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Patents: 139 of 530

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Peter H. Jackson
3 of 14

SPECIFICATION forming part of Letters Patent No. 263,412, dated August 29, 1882.
Application filed April 4, 1882. (No model.)
To all whom it may concern:
    To all whom it may concern:
    Be it known that I, PETER H. JACKSON, of the city and county of San Francisco, State of California, have invented an Improved Method of Illuminating Basements; and I do hereby declare the following to be a full, clear, and exact description thereof.
    My invention relates to certain improvements in the illuminating of basements by means of glazed tiles, and the method of fixing and supporting the frame-work in which they are set, so that tighter joints may be made, the danger of warping the castings overcome, and a stronger, neater, and cheaper finish provided, as will be more fully explained by reference to the accompanying drawings, in which--
    Figure 1 is a perspective view of my invention. Fig. 2 is a section of the tiles. Figs. 3 and 4 are modifications. Figs. 5 and 6 are details of construction.
    A are the metal tiles, into which the glass B for the lights are fitted in the usual manner. These tiles are cast in sections of a shape and size convenient for handling, and have strengthening-ribs beneath. At the edges where these sections meet one is provided with an extension projecting so that the next section will be supported upon it.
    As ordinarily constructed the rib and also the shoulder or extension stop just inside the beam or bearer on the inside and the wall on the outside, and pieces of sheet metal must be laid beneath the meeting edges of the sections beyond the point where the shoulders or extensions cease to close the bottom joint. As these sections are of considerable weight and must be moved to bring the bolt-holes to correspond, the sheet-metal pieces are apt to become displaced and make leaks.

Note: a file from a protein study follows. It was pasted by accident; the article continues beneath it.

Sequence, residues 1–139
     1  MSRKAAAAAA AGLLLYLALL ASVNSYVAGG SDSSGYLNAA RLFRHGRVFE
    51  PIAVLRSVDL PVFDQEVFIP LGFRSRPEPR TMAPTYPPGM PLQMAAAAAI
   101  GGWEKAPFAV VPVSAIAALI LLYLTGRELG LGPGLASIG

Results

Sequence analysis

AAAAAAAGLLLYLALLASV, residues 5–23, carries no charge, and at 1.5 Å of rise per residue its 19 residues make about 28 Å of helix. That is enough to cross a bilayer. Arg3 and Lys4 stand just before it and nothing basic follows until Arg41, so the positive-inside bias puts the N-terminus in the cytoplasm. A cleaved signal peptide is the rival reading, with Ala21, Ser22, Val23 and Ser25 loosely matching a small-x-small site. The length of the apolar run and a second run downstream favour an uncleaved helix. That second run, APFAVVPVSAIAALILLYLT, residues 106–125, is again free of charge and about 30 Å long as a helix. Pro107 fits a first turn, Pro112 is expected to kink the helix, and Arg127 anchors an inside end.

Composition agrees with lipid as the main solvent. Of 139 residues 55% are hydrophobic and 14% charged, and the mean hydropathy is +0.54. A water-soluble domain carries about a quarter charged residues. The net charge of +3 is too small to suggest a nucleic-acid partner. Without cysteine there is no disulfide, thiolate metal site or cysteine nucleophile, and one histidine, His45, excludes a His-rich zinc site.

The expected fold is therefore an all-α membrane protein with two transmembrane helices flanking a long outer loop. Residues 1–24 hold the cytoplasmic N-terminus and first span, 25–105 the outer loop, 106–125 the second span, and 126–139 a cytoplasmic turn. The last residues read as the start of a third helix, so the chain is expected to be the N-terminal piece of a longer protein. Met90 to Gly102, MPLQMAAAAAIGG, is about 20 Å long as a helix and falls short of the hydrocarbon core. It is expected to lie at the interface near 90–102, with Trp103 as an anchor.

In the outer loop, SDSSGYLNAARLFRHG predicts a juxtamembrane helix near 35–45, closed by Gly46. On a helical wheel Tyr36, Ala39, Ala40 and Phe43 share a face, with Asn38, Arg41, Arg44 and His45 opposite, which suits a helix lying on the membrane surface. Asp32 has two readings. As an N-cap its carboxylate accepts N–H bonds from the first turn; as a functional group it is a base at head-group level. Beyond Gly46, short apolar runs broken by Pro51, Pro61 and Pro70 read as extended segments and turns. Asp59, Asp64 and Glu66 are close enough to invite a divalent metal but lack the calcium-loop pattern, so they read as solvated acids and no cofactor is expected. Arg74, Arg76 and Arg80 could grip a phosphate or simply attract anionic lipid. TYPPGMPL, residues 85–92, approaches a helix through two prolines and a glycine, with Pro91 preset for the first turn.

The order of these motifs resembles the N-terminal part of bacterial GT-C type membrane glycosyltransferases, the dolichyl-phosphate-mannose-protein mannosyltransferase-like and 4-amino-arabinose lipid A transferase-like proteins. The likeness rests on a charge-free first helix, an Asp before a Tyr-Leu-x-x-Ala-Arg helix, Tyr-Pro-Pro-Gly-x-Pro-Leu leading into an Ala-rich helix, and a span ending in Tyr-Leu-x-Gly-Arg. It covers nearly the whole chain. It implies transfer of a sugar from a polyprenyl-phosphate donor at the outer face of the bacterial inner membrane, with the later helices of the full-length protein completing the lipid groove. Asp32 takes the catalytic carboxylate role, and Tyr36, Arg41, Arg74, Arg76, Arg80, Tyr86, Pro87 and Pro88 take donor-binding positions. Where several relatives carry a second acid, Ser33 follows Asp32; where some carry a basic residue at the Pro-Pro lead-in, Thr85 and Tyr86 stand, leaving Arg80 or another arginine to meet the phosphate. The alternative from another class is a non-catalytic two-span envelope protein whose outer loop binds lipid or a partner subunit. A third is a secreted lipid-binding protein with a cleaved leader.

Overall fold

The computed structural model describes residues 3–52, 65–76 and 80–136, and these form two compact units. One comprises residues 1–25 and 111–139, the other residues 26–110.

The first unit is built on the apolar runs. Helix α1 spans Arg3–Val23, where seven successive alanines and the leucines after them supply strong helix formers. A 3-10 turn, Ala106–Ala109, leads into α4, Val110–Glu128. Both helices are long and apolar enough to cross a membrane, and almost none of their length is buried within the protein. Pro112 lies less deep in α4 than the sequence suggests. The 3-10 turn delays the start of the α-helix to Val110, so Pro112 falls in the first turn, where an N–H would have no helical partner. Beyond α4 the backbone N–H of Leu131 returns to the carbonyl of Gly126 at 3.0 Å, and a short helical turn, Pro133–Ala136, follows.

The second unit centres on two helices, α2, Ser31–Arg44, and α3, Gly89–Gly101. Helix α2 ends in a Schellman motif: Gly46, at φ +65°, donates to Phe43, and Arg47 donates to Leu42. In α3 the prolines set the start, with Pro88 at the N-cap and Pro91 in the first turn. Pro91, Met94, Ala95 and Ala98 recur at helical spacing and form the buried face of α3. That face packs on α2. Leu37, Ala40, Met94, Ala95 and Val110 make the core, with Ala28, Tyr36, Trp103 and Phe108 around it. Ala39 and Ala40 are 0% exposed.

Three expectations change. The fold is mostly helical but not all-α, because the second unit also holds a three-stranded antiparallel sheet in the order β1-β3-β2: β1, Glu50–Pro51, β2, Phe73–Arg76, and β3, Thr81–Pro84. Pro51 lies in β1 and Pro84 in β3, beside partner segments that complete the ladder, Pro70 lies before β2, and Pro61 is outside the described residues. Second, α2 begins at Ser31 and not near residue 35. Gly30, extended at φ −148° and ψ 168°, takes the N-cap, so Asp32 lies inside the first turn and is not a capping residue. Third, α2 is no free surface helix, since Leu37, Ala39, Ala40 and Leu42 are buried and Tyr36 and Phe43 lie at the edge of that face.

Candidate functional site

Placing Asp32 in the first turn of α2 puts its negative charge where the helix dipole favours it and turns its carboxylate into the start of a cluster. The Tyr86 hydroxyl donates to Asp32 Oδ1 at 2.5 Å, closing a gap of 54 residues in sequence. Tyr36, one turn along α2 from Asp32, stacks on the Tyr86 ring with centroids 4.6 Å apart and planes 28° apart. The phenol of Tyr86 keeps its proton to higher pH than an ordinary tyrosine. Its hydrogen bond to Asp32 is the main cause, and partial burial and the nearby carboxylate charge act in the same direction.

In my device the tiles are formed so that every alternate one has a strengthening-rib, C, upon each side, and shoulders D also project from the lower edge on each side, so that the adjacent tiles will be supported by them. These shoulders are extended to the full length of the tile, and project upon the beam or bearer, and also upon the wall, as far as the tile itself does. This insures a perfect joint and support for the entire length of the tile, and all loose pieces of metal are dispensed with. The tiles being laid and leveled, the joint below
is stopped with putty, and a strip of wood is laid along each side of the line of tiles where the sidewalk is to meet them, the strip having an inclined side next the edge of the tile, so that there will be a triangular or prism-shaped space left between the inner face of the wooden strip and the edge of the tile. Molding-sand may be filled in around the outside of the strip to prevent the filling-cement from running out. The cement, which is formed principally of brimstone, is then run into the space around the tiles and between it and the wooden strip, filling all the space in front of and around the tile, also below it, so as to fill all cracks and inequalities caused by interstices in the brick-work or by the castings being warped. This cement sets at once and forms a tight solid bed for the tiles in a few moments, after which the sand, wooden strips, and putty may be removed.
    The sidewalk, which may be made of asphalt, concrete, or artificial stone, or other common or suitable material, when laid will fit closely against the cement border E, which has already been run around the tile, and will be level with the tiles, so that the whole forms a uniform surface. By thus forming a cement border I dispense with the expensive stone coping which must ordinarily be laid to receive the tiles, and the joint which must be made between the tiles and the coping, as well as another joint outside the coping itself, all of which are very troublesome to make and keep tight.
    When laid in Portland cement, in the usual manner of laying tiles, the cement is a long time in setting, and, if the tiles are stepped upon or tilted in any way the cement will be pressed out, and thus leave a leak around them.
    The ribs, being formed upon both sides of one tile, may be made quite deep without danger of warping or straining the tile in cooling.
    In some eases it may be found preferable to make the shoulders and ribs separate from the tiles, and lay them in depressions a, formed in the wall and in the bearing-bar at the inside, as shown in Figs. 3 and 4. The tiles are then laid upon them and bolted down, after which the cement joint is made, as before described.
    Various forms may be adapted for the edges of the tiles, so as to form a deeper vertical joint for the cement, as shown in Figs. 3 and 4.